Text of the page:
In Switzerland, you’re never far from nature. Of course, you’re never far from anything because the whole country is so tiny.
What this means is that our abundant nature scenes are usually hemmed in by civilization and society. Even atop our mountain peaks, you’ll typically find a cable car and a restaurant. While most welcome for hikers, it can be challenging to capture scenes of nature untouched by human hands.
Why Lake Greifensee was uniquely preserved
The story goes that the Swiss military wanted somewhere to safely practice bombing as WWII wound to a close. Whether it was that martial reason or the naturalist one that has long since become its chief draw, Greifensee was set aside as a nature preserve.
As such, no new structures could be built on or around it. Having a sizeable lake like this (the second largest in Zurich, around 20km around) go undeveloped for so long creates a special atmosphere.
I’ve been coming to Lake Greifensee since the 1990s, for work and pleasure. I’ve run around it more times than I care to count, and I always come away refreshed.
Although I’ve got probably thousands of pictures of it from every angle in every season, I have precious few showing it in winter.
This may surprise you, but Zurich is no winter paradise
All of Switzerland is not created equal when it comes to winter wonder. The big cities of Zurich and Geneva snake along tremendously large lakes and are some distance from the Alps mountain range. The combination means we see little snow in winter.
What we get are gray, foggy days punctuated by rain and sometimes freezing drizzle. Hardly the stuff of photographic legend.
But a couple of years ago, we had an epic snowstorm over New Year's that blanketed the country, including Greifensee. Everything was closed, so the opportunity was perfect to capture the lake and its surroundings in a way it’s seldom seen.
Greifensee has a medieval village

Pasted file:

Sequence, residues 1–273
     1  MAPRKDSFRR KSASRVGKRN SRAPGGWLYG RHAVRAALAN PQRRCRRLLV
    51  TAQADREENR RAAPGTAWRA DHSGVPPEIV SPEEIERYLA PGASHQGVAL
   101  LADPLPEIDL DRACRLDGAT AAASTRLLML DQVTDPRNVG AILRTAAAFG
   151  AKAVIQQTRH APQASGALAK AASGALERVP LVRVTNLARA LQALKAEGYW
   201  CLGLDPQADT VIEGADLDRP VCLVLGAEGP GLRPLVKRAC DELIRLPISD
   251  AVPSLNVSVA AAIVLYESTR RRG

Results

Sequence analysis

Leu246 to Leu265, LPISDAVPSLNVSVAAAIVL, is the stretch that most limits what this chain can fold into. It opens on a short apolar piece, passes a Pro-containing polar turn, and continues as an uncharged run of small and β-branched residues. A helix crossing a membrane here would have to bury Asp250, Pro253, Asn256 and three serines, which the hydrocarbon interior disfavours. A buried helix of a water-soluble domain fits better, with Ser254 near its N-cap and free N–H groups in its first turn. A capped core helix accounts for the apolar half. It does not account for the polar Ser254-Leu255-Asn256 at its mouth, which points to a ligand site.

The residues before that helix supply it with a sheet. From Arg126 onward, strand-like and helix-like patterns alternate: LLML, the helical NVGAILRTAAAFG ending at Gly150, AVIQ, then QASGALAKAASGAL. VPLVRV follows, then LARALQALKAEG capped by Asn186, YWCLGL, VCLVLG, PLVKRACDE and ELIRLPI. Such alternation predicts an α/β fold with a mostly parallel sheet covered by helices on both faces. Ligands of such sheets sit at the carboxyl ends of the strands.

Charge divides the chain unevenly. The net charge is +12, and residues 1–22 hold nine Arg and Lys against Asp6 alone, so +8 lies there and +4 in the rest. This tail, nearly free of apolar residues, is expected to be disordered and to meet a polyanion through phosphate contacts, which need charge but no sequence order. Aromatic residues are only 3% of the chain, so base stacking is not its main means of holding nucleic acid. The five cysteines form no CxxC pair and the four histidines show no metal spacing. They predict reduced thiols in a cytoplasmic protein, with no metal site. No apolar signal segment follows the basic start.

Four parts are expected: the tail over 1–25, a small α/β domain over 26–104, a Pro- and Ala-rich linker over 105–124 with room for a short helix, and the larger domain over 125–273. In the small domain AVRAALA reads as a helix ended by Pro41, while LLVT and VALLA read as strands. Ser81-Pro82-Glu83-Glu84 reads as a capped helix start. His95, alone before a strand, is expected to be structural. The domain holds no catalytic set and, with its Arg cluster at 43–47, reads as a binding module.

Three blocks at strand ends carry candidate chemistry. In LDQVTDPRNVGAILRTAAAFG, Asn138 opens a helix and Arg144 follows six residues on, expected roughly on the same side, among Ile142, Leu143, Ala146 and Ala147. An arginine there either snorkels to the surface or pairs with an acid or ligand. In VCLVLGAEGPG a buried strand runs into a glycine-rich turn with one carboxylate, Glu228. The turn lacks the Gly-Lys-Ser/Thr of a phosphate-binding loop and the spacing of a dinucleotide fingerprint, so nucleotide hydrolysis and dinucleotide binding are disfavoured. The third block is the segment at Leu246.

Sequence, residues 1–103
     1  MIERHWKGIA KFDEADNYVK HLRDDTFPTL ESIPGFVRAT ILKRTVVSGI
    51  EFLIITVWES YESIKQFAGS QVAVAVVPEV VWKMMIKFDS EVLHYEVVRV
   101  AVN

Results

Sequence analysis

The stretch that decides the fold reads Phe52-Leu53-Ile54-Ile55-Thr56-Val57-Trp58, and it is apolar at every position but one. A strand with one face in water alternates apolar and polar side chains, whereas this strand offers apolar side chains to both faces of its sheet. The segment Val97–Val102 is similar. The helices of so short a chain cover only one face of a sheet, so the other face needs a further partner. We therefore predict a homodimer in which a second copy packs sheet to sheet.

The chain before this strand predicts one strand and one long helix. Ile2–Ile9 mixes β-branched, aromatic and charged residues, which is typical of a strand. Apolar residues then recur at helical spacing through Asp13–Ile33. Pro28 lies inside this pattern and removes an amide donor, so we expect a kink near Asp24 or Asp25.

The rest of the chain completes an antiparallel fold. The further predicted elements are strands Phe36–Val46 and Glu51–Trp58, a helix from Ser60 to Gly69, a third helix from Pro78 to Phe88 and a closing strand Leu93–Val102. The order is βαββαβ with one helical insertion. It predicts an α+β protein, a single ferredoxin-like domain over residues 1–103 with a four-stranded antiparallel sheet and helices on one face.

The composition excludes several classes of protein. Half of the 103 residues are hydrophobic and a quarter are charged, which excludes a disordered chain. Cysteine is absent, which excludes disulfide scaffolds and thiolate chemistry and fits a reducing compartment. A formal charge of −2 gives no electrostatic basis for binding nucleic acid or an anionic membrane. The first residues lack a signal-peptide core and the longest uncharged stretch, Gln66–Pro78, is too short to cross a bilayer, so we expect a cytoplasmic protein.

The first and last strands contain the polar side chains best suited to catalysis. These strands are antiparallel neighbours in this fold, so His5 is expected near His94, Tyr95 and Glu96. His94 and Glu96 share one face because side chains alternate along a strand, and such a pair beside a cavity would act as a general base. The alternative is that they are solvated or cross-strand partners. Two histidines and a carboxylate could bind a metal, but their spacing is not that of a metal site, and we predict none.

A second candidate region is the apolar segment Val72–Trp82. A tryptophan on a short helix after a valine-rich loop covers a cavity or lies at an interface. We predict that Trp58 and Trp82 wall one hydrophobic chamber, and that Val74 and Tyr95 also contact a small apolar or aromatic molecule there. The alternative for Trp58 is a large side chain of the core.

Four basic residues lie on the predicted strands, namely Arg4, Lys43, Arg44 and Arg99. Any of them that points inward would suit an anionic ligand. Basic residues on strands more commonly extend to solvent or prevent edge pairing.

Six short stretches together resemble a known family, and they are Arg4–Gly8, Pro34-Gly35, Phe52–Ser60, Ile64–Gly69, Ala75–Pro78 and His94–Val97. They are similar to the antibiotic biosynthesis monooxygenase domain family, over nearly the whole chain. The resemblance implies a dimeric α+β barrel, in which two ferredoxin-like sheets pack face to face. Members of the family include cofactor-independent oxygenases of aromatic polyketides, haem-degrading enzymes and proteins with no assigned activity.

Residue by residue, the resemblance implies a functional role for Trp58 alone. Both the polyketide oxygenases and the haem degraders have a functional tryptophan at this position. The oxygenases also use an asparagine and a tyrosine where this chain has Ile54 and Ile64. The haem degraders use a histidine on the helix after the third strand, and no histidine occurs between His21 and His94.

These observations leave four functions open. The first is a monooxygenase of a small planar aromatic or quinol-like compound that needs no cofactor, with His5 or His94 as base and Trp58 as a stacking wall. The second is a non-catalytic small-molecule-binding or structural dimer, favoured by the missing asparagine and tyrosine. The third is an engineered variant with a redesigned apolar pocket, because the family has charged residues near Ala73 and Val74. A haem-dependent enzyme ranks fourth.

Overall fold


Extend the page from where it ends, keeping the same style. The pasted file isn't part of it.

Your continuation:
The lake is not completely undeveloped. What makes the Greifensee so special and fun is that there is a small medieval town center.
Greifensee boasts what I think is the oldest three-sided church in Europe, dating from the 1200s. (I don’t have a winter picture of it, but maybe a later article will provide an opportunity for me to share a summer shot.)
And we’ve got a castle! Best of all, the castle is not only open to the public but available to rent. Imagine having a corporate strategy meeting in a centuries-old castle. I’ve done it, and it encourages a different kind of creative thinking.
Mostly, the Greifensee is about nature
There are three ways to circumnavigate the lake: by car on the road around the lake, on a paved bike path (also used heavily by rollerbladers), and on a gravel path used by walkers and runners.
At several points, there are lookouts — long boardwalks jutting into the water. This is reminiscent of the oldest history we have about the Greifensee. Archaeologists have found traces of prehistoric pile dwellings around the lake and it is consequently a UNESCO World Heritage site. You probably had to be here to appreciate the excitement upon finding a 5,000-year-old woven sandal preserved in the mud.
A small number of sailboats are allowed on the lake, and you’ll see dottings of fishermen in rowboats when it’s not bitter cold. Regular readers may now be wondering if they’ve seen the Greifensee in my articles before, and the answer is yes.
One more historical treat awaits the fortunate visitor on special summer days — Switzerland’s oldest still-functioning steam-operated ship, the Greif. It dates from 1895 and has been so wonderfully maintained that it still operates as well as when it was first put into service.
The whole experience of spending time on and around the Greifensee leaves one feeling romantic. And wondering what life must have been like back before not just the Internet and smartphones, but before cars and electricity.
I hope you enjoyed this wintry walk with me in one of my favorite places in the world. It’s a reminder for us to appreciate and preserve what we have.
After all, not everything new is better, and once we’ve bulldozed over our history and heritage, we’ll be hard-pressed to get it back.